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Blame it on the Bruckner: the Ninth Symphony

It’s hard to describe a Bruckner symphony. Imagine a Vogon Spaceship: huge and awe-inspiring but there’s probably a planning office round the back where Scherzos are signed in triplicate and the adagio (as big and soaring as a hyperspace bypass) is awaiting council red tape. It’s a place where ostinatos hang in the air like bricks don’t.

I jest of course. Some find Bruckner long-winded, ugly and unspeakably dull and certainly the first symphonies are more Vogon-like than the latter. But the Bruckner 8 and 9 are towering achievements. And as an inexperienced music critic, it’s good to bag a ninth.

Some background information in case you’re saying ‘Anton who?’ at this point. Bruckner was an Upper Austrian peasant who spent far too much of his youth locked up in the monastery of St Florian. He had none of Mahler’s Faustian charm and was hounded by the ferocious critic Hanslick for being a pathetic Wagner epigone. He endlessly petitioned underage peasant girls. He was death-obsessed. His faith was unshakeable yet his self-doubt was pathological. His gigantic symphonies are grubby with other people’s meddling, riddled with revisions and re-writing, with mathematical obsession. Conductors like Haitink and Eugen Jochum have done much to champion him on the world stage but he never had his Bernstein like Mahler did. We never liked him much in England because in the cold war between Wagner and Brahms we sided with Brahms who dismissed Bruckner’s symphonies as musical boa constrictors. Though I much prefer the NYT critic’s description of them as musical coitus interruptus… Still, all that’s irrelevant when you are face with the towering cosmic Ninth symphony.

It was the London Symphony with Valery Gergiev, unleashing cosmic forces under the dome of St Paul’s. The LSO are a slick bunch and Gergiev had that ‘Here’s Johnny’ glint in those dark wild eyes. He wielded his baton with a villainous intensity and we hotfooted it through the adagio. When the inexperienced members of the audience at the back tried to clap after the first movement, his hand furiously snapped up. He meant business.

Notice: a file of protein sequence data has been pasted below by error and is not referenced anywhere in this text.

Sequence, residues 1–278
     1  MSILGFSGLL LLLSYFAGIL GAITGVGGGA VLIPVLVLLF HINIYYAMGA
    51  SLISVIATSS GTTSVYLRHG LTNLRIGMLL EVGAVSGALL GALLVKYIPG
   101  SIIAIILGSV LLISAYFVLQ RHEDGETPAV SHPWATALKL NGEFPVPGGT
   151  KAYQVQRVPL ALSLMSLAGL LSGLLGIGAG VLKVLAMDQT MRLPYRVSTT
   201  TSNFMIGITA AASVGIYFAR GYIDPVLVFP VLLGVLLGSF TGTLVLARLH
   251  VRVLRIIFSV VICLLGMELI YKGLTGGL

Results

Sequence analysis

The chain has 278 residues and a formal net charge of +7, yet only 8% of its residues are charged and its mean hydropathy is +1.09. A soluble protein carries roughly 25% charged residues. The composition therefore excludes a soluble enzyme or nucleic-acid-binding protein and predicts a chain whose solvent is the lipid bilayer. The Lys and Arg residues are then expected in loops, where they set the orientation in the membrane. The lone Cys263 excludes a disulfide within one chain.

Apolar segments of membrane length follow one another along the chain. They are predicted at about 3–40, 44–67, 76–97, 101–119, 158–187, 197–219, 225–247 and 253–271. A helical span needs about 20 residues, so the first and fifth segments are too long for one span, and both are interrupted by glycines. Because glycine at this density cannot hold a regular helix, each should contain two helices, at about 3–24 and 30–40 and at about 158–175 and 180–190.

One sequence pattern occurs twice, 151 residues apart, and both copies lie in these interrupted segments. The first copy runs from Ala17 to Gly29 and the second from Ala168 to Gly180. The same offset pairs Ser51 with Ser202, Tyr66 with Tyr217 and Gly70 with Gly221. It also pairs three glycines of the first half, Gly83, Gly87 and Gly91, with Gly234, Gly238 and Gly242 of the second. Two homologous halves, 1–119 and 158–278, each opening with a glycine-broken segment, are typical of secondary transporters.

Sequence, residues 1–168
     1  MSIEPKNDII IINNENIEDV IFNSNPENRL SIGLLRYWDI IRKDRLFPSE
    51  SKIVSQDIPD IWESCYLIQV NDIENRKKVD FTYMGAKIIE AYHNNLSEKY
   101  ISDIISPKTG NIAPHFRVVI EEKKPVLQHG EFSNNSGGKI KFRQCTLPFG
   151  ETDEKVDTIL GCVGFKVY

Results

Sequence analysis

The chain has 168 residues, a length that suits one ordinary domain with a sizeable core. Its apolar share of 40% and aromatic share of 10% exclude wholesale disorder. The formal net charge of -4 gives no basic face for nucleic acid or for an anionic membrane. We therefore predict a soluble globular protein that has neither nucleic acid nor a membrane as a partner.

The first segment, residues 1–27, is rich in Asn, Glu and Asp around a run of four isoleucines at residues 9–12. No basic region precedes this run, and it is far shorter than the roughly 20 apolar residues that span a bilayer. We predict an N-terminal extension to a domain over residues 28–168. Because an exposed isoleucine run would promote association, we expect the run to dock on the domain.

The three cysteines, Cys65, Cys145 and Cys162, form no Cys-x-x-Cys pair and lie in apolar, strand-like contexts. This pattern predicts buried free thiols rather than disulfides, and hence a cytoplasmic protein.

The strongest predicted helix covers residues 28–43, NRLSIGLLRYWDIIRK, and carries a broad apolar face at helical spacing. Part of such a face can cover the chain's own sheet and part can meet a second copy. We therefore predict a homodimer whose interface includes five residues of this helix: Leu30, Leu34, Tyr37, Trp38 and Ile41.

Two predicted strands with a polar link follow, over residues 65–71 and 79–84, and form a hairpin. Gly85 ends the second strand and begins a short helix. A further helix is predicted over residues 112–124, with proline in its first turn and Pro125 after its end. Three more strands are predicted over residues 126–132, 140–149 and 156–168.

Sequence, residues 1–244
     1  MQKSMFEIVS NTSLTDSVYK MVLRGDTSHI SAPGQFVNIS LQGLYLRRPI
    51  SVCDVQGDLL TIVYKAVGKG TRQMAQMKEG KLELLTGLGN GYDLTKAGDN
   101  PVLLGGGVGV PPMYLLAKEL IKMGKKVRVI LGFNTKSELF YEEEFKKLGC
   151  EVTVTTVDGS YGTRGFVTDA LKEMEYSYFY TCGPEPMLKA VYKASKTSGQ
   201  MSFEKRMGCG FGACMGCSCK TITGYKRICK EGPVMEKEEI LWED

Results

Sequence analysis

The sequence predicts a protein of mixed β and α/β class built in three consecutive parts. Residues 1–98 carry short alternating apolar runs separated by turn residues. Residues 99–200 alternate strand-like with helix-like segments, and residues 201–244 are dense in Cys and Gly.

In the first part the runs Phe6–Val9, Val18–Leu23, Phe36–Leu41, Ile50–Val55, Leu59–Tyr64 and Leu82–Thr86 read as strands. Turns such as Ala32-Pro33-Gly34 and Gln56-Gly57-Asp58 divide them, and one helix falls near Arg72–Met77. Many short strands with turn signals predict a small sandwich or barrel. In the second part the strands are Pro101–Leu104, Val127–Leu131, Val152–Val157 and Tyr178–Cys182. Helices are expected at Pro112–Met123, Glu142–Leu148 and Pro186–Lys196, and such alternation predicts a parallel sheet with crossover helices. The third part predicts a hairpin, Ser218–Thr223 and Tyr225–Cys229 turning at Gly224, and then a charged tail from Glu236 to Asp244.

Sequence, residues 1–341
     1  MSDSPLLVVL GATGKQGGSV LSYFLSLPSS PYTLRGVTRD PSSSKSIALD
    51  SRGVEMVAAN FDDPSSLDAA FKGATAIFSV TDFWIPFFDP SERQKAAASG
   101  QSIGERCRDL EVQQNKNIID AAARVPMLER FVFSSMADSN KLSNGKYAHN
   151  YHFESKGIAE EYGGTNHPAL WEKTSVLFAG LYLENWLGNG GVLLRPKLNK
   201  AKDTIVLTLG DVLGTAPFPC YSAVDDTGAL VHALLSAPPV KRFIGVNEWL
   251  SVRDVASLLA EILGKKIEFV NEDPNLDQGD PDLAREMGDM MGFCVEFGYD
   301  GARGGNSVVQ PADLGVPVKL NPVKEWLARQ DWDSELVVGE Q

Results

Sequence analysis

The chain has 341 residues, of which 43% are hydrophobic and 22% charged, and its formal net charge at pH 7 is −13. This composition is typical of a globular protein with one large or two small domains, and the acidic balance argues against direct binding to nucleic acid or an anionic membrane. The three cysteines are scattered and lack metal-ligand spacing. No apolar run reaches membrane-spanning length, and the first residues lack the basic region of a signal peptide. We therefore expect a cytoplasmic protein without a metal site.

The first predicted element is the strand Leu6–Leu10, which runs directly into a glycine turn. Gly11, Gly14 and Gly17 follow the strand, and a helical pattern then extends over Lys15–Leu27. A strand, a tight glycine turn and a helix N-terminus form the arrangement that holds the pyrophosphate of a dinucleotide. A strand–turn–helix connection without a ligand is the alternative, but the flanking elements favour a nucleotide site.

But he was facing a towering enemy: St Paul’s, the nemesis of the big symphony. It’s an enormous vaulted death trap: spaces and knaves and awnings and the dome itself are pitfalls where the sound wanders lost, where the echoing horns that herald creation bash into scurrying ostinatos. I looked up into the dome and wondered whether some stray chords from Gergiev’s Mahler 8 outing did not still linger here, slowly going mad.

And so the strange unsettling journey through the scherzo was conducted by a man who looked like he was trying to land a harrier jumpjet on a stamp whilst the sound swirled around like hazily like drunks at closing time. All in all, the strings seemed to weather it best. Which is fine if you’re Mendelssohn.
The great smoking pyre of fifths into which 1st movement conflagrates, with chords splintering apart and jarring in a dissonant blaze had all the blaze of a camping stove in a high wind. The occasional note from the Wagner tuba spiraled up into the dome as round and golden as a harvest moon and cutting through the muted yompy stompy savagery was the occasional sweet curling tendril of the oboe solo.

It was hard to know what to make of it. Gergiev seemed to treat St Paul’s as if it were a gigantic garden shed and so this great symphony hovered between the Terminator and Bambi. Indeed it wasn’t just the ill-fated undertones of Parsifal I heard. I was hallucinating the Jaws theme tune somewhere in the third movement. We went out on the faintest whisper of a wobble on the last note. It sounded sweet and frail. I imagined it cowering like a choir boy before a glowering Gergiev.

I left slightly puzzled. It was my first ninth and I had been hoping to hear whispers of the hereafter. Death tended to come for those who dared write the ninth - ‘As if something could be imparted in the tenth which we ought not to know, for which we are not ready’. (Schoenberg)

Bruckner’s ninth is buckets of feierlich and misterioso, tortured collisions and galactical reprises and all the more so because it’s unfinished and one imagines him in 1896 in his last days, surrounded by growing piles of sketches and scribblings, his faith dwindling desperately trying to articulate his most eloquent finale but death left him with only aporia and shadows.

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